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My Top Tools for Planning Fundraisers

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Hey beautiful people! Today I want to share my top free tools for planning fundraisers. As a professional event planner, I actually use these for every single one of my events.

These free tools not only save me a ton of time, but help keep me super organized. And they're great for team projects too!

I hope this list gives you ideas of new ways you can really make the most of tools you're maybe already using.


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Evernote is great because it helps me to organize my thoughts. As I have ideas or do research, I can easily take screenshots or save articles to come back to with the Clipper function. The clipper is great if you only want one paragraph or the article doesn't have a pin-able photo but is still helpful.

I also use it to create checklists to keep my tasks on track. I can organize them by project or by week, to make sure that everything gets done.


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Anyone else addicted to Pinterest? I totally am! Its fantastic for saving visual ideas, and coming up with color schemes and themes.

Pinterest is also a fantastic resource for fundraising in particular. There are tons of Pins out there about the different kinds of events that people have put on for a school, church, or charity cause. 

Be sure to follow me on Pinterest to get a bunch of fundraising ideas!

Google Suite

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I love Google Drive mostly because its great for sharing with a team. Its nice to be able to create a document, share it with folks so that they can view or help work on it, and you don't have to worry about remembering to send people the latest draft. 


In sheets, the functions are similar to Excel, but I still find it easier to use. Little things like how easy it is to lock more than one screen, or to create templates without ending up with a million different drafts.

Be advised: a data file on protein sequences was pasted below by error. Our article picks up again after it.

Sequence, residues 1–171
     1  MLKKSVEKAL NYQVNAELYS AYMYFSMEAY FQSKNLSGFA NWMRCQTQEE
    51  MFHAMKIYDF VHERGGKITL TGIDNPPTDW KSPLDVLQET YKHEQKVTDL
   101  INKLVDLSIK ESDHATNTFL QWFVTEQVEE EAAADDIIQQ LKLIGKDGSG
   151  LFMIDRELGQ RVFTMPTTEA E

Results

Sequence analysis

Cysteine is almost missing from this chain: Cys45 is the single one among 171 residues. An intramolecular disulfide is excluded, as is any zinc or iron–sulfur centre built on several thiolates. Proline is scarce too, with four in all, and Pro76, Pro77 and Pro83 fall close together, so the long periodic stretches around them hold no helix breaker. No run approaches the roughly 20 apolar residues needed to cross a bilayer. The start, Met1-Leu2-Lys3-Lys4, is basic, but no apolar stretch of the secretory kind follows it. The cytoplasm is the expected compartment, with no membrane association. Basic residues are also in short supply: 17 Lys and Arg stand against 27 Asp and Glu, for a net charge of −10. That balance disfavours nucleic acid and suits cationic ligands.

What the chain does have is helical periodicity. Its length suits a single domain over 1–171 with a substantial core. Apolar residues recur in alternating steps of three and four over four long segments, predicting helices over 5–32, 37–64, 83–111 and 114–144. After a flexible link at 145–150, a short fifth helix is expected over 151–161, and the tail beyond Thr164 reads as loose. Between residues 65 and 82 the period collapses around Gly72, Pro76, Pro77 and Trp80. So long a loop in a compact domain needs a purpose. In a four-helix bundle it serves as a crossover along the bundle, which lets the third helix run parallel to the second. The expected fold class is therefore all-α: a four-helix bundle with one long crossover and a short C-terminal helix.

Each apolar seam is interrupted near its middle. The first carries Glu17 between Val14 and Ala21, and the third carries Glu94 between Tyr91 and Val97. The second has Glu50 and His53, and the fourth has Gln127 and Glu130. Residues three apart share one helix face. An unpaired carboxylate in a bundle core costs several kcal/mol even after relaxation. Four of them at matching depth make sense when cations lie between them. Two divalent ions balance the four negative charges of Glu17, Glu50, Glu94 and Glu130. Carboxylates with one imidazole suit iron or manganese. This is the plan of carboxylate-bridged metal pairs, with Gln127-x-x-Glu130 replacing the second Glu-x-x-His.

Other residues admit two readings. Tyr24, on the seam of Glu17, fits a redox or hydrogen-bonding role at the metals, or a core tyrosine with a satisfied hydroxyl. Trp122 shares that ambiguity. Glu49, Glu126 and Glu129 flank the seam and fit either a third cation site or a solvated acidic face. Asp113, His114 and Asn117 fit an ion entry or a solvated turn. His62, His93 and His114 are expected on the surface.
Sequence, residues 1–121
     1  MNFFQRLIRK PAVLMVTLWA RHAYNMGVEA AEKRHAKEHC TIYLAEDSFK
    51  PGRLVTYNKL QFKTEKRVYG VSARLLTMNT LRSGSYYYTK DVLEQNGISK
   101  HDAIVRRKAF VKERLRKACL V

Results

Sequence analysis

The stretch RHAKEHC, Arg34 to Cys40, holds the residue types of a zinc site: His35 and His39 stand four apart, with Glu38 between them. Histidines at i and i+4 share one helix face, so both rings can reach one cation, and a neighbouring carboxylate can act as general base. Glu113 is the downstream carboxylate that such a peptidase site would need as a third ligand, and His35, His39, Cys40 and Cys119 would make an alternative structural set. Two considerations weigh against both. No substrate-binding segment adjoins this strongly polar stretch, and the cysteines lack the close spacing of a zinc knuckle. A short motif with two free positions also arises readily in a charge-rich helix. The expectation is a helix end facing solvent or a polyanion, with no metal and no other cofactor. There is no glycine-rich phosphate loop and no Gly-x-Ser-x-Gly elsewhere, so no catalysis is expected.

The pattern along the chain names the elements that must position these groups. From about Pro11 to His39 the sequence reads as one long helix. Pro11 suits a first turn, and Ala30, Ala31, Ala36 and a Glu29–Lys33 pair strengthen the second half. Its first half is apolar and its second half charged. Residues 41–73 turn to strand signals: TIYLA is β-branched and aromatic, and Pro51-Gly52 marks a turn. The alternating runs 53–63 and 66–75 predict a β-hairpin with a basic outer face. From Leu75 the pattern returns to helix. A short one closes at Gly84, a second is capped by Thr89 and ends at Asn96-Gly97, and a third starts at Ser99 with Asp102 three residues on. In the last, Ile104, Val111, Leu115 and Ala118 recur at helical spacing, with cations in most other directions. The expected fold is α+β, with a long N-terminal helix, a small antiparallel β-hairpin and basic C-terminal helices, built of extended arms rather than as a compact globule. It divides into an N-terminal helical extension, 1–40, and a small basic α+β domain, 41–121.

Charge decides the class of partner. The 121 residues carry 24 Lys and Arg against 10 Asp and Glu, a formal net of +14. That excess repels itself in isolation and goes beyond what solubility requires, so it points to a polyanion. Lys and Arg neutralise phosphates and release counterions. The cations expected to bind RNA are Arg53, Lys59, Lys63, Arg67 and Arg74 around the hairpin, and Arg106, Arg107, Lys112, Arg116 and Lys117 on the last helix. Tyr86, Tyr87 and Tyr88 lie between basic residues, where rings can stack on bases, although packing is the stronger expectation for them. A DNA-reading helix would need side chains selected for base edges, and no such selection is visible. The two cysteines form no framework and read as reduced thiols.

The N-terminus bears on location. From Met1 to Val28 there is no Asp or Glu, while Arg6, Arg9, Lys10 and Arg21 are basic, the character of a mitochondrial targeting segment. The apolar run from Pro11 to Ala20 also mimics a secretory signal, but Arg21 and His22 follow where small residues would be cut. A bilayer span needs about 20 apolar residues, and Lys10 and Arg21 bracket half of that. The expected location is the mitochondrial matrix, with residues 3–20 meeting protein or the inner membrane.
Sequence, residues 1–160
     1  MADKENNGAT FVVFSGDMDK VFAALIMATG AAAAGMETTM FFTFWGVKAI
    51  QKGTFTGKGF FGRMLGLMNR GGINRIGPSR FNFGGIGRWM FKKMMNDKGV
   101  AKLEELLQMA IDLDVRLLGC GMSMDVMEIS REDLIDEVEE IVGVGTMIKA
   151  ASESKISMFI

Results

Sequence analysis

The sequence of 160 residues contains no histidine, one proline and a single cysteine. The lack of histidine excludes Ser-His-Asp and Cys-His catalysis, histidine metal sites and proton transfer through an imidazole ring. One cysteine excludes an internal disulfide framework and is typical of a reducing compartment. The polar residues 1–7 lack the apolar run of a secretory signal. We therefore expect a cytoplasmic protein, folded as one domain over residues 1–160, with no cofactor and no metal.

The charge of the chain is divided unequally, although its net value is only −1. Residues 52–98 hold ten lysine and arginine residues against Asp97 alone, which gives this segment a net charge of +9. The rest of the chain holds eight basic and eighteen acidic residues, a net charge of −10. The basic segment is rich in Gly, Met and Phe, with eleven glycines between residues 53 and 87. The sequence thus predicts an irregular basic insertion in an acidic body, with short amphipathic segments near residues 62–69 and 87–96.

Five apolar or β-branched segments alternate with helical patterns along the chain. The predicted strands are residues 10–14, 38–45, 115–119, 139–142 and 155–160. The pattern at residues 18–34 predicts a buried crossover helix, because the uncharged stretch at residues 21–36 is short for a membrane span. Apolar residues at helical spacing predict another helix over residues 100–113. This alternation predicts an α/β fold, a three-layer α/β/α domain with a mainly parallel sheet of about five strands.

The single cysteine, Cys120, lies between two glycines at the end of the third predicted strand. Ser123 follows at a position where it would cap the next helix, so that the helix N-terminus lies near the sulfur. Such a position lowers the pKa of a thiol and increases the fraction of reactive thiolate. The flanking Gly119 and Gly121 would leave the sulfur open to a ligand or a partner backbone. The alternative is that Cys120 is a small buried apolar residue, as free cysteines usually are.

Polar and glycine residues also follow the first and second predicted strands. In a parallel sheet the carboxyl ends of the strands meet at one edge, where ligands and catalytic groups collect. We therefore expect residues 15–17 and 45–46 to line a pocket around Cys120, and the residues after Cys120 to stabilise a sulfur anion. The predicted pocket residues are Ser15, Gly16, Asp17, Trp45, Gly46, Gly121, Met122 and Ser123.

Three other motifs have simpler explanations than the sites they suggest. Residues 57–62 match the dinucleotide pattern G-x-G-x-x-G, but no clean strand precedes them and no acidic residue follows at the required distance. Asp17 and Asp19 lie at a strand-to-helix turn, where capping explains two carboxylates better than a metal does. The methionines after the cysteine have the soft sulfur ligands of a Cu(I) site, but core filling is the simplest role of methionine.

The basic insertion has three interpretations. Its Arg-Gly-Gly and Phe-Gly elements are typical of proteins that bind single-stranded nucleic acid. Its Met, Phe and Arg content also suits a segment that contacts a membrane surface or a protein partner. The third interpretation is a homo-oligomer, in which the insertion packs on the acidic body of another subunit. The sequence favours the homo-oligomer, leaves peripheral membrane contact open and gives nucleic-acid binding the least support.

Google Docs

I do all of my ask letters here, then just download them as pdfs.



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    Google Calendar

    I personally live by my calendar. If something isn't on there, then chances are high that I don't know it exists. I also like to think out my time for tasks so that I know exactly how much time I'm spending on what. I also do this to avoid the “I can't sleep because I feel like I'm forgetting something” panic. If its in the calendar or on my secondary list of tasks in Evernote, then I can turn off the mental to do list broken record looping in my head.

    Tip: I keep new tasks that people ask me to do in Evernote, organized by week, then every week I go in and move the important ones or anything that will take longer than 30 minutes to my calendar. I also leave a chunk of time at the end of each day to get things done on this list.

    I find that this helps me to stay focused on getting the important tasks done before the ones that are just urgent. It helps prevent the feeling that my day somehow got away from me because I spent the whole day doing little things.

    Google Keep

    This is a fairly new one. Its basically a note taking system. Its like Evernote but with just the basic functions. I find this helpful to keep on my phone so that I can take notes on little things I want to save later when I'm out and about.

    Google Ad Ons

    I know that these are technically in the Google suite, but I use them so often, I felt they were important enough to mention on their own.These two in particular are great because they save a lot of time.

    I love making things that are repetitive as automated as possible. I like to call it effectiveness, because it sounds nice, but it really has more to do with the fact that I'm lazy.

    Canned responses

    Now when I'm responding to emails with frequently asked questions, or say, giving a pledged sponsor more information about next steps, I use Canned responses, which is like a way to copy and paste emails you've written.